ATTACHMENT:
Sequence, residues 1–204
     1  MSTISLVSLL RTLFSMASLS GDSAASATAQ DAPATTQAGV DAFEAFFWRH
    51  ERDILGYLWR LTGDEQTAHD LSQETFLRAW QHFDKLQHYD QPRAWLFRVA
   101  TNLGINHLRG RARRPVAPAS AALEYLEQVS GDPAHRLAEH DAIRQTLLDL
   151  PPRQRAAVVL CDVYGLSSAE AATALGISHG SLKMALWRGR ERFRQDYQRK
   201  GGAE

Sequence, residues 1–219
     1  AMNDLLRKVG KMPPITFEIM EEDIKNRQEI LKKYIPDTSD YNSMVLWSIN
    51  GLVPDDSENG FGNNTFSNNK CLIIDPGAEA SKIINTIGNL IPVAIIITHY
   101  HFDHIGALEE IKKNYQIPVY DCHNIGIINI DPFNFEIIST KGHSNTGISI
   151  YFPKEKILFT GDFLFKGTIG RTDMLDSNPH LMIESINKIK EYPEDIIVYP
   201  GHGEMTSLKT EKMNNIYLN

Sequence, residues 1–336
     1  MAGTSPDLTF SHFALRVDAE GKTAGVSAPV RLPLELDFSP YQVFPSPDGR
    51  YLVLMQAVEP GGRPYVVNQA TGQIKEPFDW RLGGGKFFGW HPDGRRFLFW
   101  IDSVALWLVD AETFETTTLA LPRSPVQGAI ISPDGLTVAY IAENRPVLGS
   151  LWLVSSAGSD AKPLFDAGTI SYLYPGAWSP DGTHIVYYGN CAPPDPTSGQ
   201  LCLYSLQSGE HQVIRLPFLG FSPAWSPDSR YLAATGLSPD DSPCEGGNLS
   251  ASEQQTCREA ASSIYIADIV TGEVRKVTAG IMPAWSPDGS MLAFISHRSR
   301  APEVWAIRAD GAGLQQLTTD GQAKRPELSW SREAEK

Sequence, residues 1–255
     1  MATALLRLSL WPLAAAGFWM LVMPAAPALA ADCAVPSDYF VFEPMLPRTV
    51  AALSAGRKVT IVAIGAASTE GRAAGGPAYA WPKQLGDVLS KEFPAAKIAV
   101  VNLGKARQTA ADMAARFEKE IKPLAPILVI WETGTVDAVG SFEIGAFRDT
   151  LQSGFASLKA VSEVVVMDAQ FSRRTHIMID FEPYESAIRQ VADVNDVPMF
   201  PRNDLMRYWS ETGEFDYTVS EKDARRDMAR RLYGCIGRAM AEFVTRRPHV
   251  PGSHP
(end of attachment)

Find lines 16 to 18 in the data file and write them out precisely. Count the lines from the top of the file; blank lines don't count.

   101  IDSVALWLVD AETFETTTLA LPRSPVQGAI ISPDGLTVAY IAENRPVLGS
   151  LWLVSSAGSD AKPLFDAGTI SYLYPGAWSP DGTHIVYYGN CAPPDPTSGQ
   201  LCLYSLQSGE HQVIRLPFLG FSPAWSPDSR YLAATGLSPD DSPCEGGNLS